Today we finally moved the crate with the plaster cast of the Glyptodon body-skeleton (see earlier blogs) from the tunnels underneath Foss Hill to the machine shop at the ground level of Exley. The name Glyptodon was given by Richard Owen (1839), who was the first to realize that a number of fossils described as separate animals were, in fact, all part of the same animal, a now extinct giant armadillo. Glyptodons were South American mammals, and the original fossil of which ours is a cast was found in Argentina in 1846, and is now in a museum in Dijon, France. The casts were sold by Ward’s Scientific Company of Rochester, NY, founded by Henry A Ward (1840-1906), and Wesleyan obtained one for the Judd Hall Museum of Natural History in the 1870s (it cost then $150.-).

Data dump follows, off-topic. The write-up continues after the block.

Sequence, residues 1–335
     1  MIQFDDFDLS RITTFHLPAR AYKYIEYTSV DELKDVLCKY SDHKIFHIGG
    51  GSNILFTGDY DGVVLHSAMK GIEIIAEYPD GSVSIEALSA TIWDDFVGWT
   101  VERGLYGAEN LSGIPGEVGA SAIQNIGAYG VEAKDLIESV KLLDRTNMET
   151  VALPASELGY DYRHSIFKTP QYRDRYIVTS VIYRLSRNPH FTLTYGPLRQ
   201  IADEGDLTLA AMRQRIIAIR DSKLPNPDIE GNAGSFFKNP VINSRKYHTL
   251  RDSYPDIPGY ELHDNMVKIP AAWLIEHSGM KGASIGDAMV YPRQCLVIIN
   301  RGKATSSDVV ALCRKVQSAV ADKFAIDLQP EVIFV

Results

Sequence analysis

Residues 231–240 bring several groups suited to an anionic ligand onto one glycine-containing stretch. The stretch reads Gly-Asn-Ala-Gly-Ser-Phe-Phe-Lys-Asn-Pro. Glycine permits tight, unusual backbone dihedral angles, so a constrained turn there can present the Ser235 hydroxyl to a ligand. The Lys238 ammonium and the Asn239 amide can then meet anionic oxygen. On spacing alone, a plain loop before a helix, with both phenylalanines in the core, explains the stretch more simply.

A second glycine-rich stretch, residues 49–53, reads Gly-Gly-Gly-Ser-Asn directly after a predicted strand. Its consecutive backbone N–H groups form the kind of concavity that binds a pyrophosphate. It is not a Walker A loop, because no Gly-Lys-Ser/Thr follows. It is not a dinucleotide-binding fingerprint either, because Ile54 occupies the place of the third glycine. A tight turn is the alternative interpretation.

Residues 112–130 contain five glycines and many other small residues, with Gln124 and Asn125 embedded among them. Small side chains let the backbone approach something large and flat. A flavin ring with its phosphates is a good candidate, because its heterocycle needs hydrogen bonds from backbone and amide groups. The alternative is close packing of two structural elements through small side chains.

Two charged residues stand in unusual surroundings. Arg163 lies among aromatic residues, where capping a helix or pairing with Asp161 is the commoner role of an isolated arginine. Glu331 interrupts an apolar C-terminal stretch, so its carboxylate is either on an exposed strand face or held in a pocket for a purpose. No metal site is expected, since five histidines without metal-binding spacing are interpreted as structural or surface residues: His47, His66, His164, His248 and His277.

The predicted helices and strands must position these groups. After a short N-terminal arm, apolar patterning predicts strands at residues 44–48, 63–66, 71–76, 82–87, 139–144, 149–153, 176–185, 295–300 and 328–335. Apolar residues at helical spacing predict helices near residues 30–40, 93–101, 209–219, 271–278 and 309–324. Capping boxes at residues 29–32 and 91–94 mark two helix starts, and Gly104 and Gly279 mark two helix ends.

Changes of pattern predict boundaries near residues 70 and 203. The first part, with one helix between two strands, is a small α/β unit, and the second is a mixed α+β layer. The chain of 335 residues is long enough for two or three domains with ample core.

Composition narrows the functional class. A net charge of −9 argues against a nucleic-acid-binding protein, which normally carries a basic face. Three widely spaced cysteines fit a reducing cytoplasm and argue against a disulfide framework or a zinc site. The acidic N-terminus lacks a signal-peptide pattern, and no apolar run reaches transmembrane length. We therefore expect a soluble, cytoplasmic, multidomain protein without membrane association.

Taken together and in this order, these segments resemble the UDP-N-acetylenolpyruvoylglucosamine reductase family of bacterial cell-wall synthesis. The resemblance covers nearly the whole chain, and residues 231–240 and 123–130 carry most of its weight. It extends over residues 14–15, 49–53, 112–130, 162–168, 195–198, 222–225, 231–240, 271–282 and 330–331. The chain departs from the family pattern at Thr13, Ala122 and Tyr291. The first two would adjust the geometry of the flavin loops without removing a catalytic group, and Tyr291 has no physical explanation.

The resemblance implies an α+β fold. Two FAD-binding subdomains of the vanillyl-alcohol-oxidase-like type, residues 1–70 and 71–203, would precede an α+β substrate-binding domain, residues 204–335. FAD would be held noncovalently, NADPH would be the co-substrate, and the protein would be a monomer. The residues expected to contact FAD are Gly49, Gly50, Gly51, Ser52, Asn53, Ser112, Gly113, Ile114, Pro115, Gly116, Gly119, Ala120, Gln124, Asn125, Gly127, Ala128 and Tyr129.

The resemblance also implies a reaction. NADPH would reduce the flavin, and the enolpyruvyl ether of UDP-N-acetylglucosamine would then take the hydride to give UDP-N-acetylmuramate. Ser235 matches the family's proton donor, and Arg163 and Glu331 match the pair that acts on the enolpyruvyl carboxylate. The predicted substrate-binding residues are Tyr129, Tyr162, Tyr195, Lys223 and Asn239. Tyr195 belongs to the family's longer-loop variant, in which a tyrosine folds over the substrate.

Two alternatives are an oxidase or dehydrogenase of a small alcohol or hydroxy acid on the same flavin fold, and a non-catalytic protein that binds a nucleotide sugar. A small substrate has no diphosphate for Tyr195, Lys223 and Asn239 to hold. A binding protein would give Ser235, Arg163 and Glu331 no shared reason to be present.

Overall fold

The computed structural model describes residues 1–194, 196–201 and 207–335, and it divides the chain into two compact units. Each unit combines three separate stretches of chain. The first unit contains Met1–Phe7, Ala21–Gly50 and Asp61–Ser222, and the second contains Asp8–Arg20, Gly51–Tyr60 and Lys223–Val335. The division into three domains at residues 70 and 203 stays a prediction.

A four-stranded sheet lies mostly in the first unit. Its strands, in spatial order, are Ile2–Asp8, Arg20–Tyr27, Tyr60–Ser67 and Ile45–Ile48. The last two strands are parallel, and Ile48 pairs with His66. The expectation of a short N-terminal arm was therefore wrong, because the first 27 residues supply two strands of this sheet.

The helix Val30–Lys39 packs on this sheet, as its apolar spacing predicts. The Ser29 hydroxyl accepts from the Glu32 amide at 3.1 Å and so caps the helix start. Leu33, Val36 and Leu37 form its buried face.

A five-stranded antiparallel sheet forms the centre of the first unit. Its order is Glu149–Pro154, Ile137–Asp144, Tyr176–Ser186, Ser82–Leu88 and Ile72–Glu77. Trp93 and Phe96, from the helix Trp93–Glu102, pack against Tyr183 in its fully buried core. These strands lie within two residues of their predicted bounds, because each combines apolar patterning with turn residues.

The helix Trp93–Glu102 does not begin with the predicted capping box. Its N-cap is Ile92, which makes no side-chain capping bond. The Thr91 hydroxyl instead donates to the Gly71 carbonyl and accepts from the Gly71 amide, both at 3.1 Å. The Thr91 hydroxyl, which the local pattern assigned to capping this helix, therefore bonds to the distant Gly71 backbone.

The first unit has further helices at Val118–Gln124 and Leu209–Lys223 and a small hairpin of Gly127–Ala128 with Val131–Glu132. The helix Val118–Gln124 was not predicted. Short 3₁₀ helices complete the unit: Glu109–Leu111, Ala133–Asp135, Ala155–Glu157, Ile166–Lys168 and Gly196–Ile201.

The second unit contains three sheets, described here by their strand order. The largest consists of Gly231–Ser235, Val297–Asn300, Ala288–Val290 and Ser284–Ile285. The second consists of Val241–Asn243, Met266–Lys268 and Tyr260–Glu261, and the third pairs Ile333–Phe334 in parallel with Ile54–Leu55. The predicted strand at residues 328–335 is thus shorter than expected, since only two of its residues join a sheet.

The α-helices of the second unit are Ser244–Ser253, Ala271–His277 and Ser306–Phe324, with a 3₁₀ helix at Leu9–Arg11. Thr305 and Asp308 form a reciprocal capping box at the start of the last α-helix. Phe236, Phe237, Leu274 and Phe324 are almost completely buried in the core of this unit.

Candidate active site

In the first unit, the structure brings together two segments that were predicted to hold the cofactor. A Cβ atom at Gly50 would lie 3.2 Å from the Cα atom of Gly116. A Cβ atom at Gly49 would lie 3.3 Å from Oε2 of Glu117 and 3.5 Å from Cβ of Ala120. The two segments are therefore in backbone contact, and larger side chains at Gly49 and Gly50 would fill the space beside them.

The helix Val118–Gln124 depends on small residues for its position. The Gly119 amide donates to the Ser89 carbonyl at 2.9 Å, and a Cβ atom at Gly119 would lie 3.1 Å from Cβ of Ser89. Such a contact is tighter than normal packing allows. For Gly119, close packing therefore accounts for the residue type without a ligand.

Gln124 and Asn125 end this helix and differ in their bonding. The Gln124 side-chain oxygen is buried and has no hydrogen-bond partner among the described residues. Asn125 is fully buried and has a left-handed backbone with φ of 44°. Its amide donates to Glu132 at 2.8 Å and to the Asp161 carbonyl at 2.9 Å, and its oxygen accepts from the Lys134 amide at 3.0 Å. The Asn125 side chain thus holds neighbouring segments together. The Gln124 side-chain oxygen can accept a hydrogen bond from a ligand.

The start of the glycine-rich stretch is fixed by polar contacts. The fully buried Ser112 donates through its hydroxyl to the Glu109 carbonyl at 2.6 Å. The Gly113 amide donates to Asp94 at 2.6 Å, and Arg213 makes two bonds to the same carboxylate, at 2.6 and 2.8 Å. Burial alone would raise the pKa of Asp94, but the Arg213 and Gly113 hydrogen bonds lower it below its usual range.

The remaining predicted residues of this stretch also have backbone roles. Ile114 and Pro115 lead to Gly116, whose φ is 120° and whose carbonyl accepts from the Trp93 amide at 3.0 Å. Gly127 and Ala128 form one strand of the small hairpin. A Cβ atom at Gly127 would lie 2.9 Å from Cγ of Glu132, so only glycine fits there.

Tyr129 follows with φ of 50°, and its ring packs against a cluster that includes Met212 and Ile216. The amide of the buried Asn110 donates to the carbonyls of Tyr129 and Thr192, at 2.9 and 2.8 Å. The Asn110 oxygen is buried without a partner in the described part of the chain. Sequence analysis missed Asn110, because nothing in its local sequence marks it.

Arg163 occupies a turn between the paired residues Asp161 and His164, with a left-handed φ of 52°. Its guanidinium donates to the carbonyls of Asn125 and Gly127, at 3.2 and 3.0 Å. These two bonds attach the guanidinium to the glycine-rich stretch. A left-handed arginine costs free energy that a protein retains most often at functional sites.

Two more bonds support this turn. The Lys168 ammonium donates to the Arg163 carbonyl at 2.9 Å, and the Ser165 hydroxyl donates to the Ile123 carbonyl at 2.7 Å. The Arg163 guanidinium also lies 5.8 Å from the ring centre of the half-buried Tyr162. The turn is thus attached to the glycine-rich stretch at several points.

Picture and text from Ward’s catalog (the Glyptodon was nr 36).
We could get a better view of it, and noted that the internal structure with the legs supporting the body carapace were still intact.
Pictures of the Glyptodon in its crate, now in the Exley machine shop. Left: view from underside of carapace; Second left: detail of support legs; Third: detail of label and surface of carapace; Fourth: detail of carapace.